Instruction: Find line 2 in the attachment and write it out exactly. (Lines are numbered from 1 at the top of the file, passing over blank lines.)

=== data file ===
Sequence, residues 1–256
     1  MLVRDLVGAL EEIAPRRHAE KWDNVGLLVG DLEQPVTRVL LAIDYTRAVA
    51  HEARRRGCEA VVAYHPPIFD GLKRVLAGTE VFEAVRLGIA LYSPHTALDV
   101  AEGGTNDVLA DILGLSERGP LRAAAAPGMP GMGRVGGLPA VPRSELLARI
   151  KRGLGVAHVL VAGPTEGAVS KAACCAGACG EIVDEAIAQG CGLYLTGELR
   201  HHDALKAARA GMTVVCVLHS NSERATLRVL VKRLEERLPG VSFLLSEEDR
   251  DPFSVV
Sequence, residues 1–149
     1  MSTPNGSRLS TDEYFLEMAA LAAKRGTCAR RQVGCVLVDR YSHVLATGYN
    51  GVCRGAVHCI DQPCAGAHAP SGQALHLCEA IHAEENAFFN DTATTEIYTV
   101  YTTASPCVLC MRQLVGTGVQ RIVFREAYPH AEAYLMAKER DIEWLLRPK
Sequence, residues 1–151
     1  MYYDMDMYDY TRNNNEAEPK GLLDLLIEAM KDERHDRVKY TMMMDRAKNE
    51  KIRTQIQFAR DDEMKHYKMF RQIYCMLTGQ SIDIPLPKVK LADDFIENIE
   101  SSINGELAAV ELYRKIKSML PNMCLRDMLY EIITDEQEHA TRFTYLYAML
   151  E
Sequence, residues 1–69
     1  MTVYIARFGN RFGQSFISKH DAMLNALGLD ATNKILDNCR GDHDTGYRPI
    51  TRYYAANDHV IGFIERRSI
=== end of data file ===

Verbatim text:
     1  MLVRDLVGAL EEIAPRRHAE KWDNVGLLVG DLEQPVTRVL LAIDYTRAVA